Both loan types are known for their more flexible lending guidelines than conforming mortgage financing. Loans are available in all 50 states.

The FHA and VA maintain lists of approved communities, but don't despair of the unit you want isn't in a development on those lists. Both agencies have made it easier for condo and co-op associations to get their buildings approved.

In fact, the FHA recently changed its condo approval rules to help more borrowers get qualified.

Some of the new basic requirements for an FHA condo loan now include:

  • The borrower must meet "standard" FHA mortgage guidelines
  • At least half of a project's¬†unit must be owner-occupied
  • In a newly-built¬†project, at¬†least 70% of the units must be sold

In general, if Fannie Mae or Freddie Mac have already approved a building, the FHA and VA will also authorize lending there.

Neither the FHA nor the VA charge borrowers extra to finance a condominium or a co-op. You can get a condo loan with the same FHA or VA mortgage rate as you could a single-family home.

Click to see today's rates (Sep 24th, 2017)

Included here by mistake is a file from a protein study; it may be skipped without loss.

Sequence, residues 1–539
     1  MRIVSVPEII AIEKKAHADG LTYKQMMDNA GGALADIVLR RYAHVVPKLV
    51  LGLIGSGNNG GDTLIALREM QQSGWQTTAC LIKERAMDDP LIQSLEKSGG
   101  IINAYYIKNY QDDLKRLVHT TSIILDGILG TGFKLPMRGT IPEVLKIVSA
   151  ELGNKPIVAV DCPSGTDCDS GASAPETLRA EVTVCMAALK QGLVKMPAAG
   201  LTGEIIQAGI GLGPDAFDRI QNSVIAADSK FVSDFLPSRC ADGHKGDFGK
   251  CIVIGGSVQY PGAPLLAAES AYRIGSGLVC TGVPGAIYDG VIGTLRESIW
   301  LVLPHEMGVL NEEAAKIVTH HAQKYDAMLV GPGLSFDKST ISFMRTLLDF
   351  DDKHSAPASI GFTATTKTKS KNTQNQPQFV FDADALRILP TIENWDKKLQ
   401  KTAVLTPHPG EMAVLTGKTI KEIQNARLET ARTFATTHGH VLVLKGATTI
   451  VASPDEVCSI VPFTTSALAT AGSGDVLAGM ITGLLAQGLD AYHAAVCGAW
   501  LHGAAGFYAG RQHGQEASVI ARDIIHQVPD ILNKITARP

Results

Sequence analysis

Mortgages For Non-Warrantable Condos

Mortgage financing is a more of a challenge for buyers of non-warrantable condos. There are fewer available programs for these dwellings.

In general, a condo or co-op unit is considered non-warrantable if:

  • The project has yet to be completed
  • Its developer has not turned over control of the HOA to the owners
  • The community allows short-term rentals
  • A single person or entity owns more than 10% of all units
  • It's in a project where the majority of units are rented to non-owners

In addition, a condo unit in a project involved in litigation of any kind is usually "non-warrantable." This is true whether the community is the plaintiff or the defendant in the suit.

Non-warrantable condo financing is unavailable via Fannie Mae and Freddie Mac, the FHA or the VA. To get a non-warrantable condo mortgage, you'll need to talk with a specialty lender.

There are plenty of them online.

What Are Today's Condo Mortgage Rates?

The housing market has recovered from last decade's downturn, and lenders are more willing to lend on condos and co-ops nationwide.

Get today's live mortgage rates now. Your social security number is not required to get started, and all quotes come with access to your live mortgage credit scores.

Click to see today's rates (Sep 24th, 2017)

The information contained on The Mortgage Reports website is for informational purposes only and is not an advertisement for products offered by Full Beaker. The views and opinions expressed herein are those of the author and do not reflect the policy or position of Full Beaker, its officers, parent, or affiliates.

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2017 Conforming, FHA, & VA Loan Limits

Mortgage loan limits for every U.S. county, as published by Fannie Mae & Freddie Mac, the Federal Housing Administration (FHA), and the Department of Veterans Affairs (VA)